In the movie classic “Braveheart”, England’s King Edward “Longshanks” invades Scotland at the Battle of Falkirk against the Scottish army led by Sir William Wallace (Mel Gibson). Longshanks had secretly organized the invasion while sending his daughter-in-law to negotiate a truce.
The English army initiates the attack pushing Irish conscripts to the front, only to have them turn and side with the Scots. Wallace counters and calls for horseback reinforcements led by Scottish noblemen, but is betrayed in the middle of the fight. The Scots lose the battle and Wallace charges Longshanks only to be confronted by one of the King’s lancers. Once again Wallace is betrayed as the lancer turns out to be Robert the Bruce, an ally and contender for the Scottish crown.
It’s a war out there
Strategies, tactics, poor intelligence, risky movements, alliance, and betrayals; sounds a lot like the first round of the NFL college draft. Over the coming weeks there will be more smoke billowing than a burning English garrison. The King’s messengers in the form of NFL insiders will be dropping tidbits of intel with every chance they get to jump in front of a camera. “This team is thinking this, that team is contemplating that.” False intelligence and leading clubs off track is just part of the game in leveraging your position in the first round. Every NFL college draft there’s a move that no one anticipated and leaves the media scratching their heads in bewilderment. It can change the entire complexion of the battle, or the round.
Top 10 tactics
It’s imperative that teams at the top of the selection sequence find a player, any player that will improve their overall talent base. After all, they’re most likely picking in that position as result of the prior season’s futility on the playing field. These clubs, especially the top 10, will have almost the entire player pool to enlist an elite talent and must get it right for the opportunity cost and financial commitment. Moves here are usually subtle with a ceiling blocking too much upper movement and not many willing to pay the price to allow them to venture down. These decisions are frequently based upon both value AND need for the floundering franchise. It’s about getting it right, not risking it all. One wrong move can cost you a year’s worth of work, if not your head.
With success come the “fruits of victory” and the opportunity to sit a couple hours before you club’s pick in the first round. For many years, both as Director of College Scouting and General Manager of the Denver Broncos, I had to wait my turn as college football’s best were peeled off the board. The backend of the draft requires an entirely different mindset. General Managers and Head Coaches have to aggressively maximize their chances of improving upon their roster, otherwise be content with what falls to them. A study once showed the likelihood of landing a 56 game starter in the first 5 years was 70% in picks 1-10, 50% over picks 11-20, and then 35.3% from 21-50.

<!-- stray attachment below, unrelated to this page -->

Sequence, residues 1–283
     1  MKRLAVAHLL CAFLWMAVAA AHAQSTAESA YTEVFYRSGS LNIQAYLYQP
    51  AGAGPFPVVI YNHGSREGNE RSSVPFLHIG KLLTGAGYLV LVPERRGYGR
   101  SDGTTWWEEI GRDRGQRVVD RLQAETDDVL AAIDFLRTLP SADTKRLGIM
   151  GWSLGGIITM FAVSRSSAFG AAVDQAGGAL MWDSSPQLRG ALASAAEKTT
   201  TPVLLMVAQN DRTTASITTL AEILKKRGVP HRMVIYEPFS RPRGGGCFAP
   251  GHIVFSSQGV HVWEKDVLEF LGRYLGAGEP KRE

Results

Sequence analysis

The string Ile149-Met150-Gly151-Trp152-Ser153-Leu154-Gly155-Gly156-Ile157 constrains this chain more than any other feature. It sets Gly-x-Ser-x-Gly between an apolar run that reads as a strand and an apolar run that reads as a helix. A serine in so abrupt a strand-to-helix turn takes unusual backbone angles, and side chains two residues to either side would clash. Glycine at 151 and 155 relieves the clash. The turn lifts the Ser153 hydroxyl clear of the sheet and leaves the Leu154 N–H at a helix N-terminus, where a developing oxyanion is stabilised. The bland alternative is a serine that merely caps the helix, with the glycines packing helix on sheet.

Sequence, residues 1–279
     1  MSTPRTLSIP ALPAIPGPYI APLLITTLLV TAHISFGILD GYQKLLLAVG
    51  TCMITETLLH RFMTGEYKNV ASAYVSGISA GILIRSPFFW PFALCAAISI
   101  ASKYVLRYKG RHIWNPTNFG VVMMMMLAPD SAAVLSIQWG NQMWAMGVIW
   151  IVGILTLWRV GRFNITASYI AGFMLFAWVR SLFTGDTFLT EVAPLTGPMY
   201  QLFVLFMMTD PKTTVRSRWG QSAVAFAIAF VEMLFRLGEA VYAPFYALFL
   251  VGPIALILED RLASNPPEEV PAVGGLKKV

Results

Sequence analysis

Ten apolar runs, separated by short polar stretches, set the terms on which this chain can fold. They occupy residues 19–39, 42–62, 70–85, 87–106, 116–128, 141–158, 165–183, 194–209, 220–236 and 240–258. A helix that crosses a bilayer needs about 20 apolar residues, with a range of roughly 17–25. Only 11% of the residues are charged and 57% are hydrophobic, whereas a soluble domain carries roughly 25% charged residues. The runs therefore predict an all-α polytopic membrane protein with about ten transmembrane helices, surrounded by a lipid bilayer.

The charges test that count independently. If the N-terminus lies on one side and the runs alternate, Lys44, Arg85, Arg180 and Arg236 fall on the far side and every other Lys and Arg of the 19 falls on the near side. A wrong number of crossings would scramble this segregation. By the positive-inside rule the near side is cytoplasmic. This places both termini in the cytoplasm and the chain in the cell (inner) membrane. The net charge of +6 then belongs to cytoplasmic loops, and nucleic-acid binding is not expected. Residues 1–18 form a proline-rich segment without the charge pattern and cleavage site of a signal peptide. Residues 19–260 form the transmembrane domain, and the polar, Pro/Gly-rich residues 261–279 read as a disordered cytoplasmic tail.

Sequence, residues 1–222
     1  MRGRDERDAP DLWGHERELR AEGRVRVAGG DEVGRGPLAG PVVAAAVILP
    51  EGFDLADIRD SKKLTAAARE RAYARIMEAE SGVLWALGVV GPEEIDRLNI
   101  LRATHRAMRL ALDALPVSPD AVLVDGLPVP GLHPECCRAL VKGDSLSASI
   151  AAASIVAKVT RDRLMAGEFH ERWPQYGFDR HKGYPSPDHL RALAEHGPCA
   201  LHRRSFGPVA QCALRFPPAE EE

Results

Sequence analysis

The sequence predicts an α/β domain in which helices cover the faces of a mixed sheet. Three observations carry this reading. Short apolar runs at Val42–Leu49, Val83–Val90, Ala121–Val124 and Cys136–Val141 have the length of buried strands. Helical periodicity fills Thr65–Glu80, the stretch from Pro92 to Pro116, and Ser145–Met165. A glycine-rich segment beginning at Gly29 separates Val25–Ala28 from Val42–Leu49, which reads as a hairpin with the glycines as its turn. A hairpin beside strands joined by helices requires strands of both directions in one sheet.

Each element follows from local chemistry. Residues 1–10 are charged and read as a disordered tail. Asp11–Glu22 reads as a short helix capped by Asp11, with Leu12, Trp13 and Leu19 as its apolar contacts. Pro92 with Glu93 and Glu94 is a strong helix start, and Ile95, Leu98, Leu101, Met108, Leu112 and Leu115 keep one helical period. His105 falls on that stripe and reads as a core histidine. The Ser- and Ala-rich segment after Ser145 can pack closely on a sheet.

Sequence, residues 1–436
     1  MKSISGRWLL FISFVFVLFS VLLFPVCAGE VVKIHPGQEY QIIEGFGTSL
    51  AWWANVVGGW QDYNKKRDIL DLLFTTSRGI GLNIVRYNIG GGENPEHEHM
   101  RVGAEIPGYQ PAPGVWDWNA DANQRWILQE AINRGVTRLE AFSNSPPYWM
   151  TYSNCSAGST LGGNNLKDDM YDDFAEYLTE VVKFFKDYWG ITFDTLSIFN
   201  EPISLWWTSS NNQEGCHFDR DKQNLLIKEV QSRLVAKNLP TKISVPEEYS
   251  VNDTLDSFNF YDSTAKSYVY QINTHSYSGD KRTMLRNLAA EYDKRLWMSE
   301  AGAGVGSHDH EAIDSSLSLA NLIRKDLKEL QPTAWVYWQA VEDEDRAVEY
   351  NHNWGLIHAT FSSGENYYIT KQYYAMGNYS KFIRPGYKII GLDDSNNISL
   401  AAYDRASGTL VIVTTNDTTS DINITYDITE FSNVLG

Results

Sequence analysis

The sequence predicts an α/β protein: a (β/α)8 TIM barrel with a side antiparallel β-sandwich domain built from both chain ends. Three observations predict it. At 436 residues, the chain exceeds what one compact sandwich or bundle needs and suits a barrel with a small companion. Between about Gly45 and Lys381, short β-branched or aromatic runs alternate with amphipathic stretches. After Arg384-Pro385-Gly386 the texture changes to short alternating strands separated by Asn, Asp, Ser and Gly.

A whole nother ball game
Those numbers may have changed one way or the other since this report was completed, but history has shown that the college player pool can only support so many elites and traditionally those prospects by position incrementally come from the top. So as the draft transitions to the bottom third of the 1st round and down through the top third of the 2nd, alliances & betrayals begin to take shape in the form of leveraging relationships into trades of opportunity. The poor clubs want to make moves to secure a missing piece that the successful ones might not have a place for. Playoff teams are all too willing to step aside in exchange for adding depth to an already strong roster through added mid round selections.
Listen to everything, believe nothing
And so it goes, same battlefield but two different circumstances. The “Longshanks” GM’s looking to take advantage of the “William Wallace” clubs’ desperation. The Scottish army teams looking to outmaneuver the English to an unforeseen victory of their own. Each has their own set of needs & values driving them to success. NFL fans, and perhaps a few of “Braveheart” as well, understand that the next few weeks is all about disseminating misinformation, collecting intelligence, securing alliances, and developing a strategy that will lead to draft day victory. Listen to everything, believe nothing.
“Freedom!” …from the top 10.